It covers everything, fine powder,the earth’s gold breath falling softlyon the dark wood dresser, blue ceramic bowls,picture frames on the wall. It wafts upfrom canyons, carried on the wind,on the wings of birds, in the rough fur of animalsas they rise from the ground. Sometimes it’s copper,sometimes dark as ink. In great storms,it even crosses the sea. Once,when my grandmother was a girl,a strong gale lifted red dust from Africaand took it thousands of miles awayto the Caribbean where people swept itfrom their doorsteps, kept it in small jars,reminder of that other home.Gandhi said, “The seeker after truthshould be humbler than the dust.”Wherever we go, it follows.I take a damp cloth, swipe the windowsills,the lamp’s taut shade, run a fingerover the dining room table.And still, it returns, settling in the gapsbetween floorboards, gilding the edgesof unread books. What could be more loyal,more lonely, and unsung?
“Dust” from Bonfire Opera by Danusha Laméris, © 2020.
All rights are controlled by the University of Pittsburgh Press, Pittsburgh, PA 15260.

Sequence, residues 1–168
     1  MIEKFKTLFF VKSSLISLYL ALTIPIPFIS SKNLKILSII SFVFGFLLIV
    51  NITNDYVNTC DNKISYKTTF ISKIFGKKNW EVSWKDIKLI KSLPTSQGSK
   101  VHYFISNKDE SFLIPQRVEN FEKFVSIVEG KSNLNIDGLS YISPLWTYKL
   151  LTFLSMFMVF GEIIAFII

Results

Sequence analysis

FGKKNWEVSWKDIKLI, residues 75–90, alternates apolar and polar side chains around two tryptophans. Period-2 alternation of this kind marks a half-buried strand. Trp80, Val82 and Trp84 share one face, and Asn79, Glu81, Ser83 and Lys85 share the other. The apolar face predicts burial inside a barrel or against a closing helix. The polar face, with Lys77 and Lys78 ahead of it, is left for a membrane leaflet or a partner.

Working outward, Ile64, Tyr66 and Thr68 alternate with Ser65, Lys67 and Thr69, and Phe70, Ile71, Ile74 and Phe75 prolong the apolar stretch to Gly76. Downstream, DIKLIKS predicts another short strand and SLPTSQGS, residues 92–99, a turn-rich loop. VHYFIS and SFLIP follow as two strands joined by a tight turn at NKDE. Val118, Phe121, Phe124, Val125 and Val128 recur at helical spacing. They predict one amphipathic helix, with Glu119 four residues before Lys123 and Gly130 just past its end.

Used by permission of the University of Pittsburgh Press.
Danusha Laméris is the author of The Moons of August (Autumn House, 2014), and Bonfire Opera, (University of Pittsburgh Press, Pitt Poetry Series, 2020). Some of her poems have been published in The Best American Poetry, The New York Times, The American Poetry Review, Ploughshares, and Prairie Schooner. The recipient of the 2020 Lucille Clifton Legacy Award, she teaches poetry independently, and was the 2018-2020 Poet Laureate of Santa Cruz County, California.
“Bonfire Opera, Danusha Lameris’ ravishing second collection of poems, lives up to its title and then some. In melodic and sumptuous lines, she considers desire, sorrow, beauty and death. This is a collection you will want to keep close, ‘a reminder to begin, again, by listening carefully with the body’s rapt attention.’”
“No experience is more fulfilling than reading the work of a writer who is a master of her craft—of feeling like the book you are immersed in is an entire world. This is what it is like reading Danusha Laméris’ Bonfire Opera. Everything is alive in these poems, even loss. Even death. In these finely crafted lyrics, worms, berries, skin, hawks, dirt and desire exist and even thrive in a symbiotic relationship that is a model for a new way of thinking. If a book can be smart and funny and dark and wise and vulnerable and beautiful all at the same time, this one is. In one of her best poems, Laméris writes, ‘This is what I’ve made here, a garden, a feast.’ That’s for sure. Bonfire Opera is a feast you’ll want to devour and a garden that will never stop yielding.”
—Dean Rader, University of San Francisco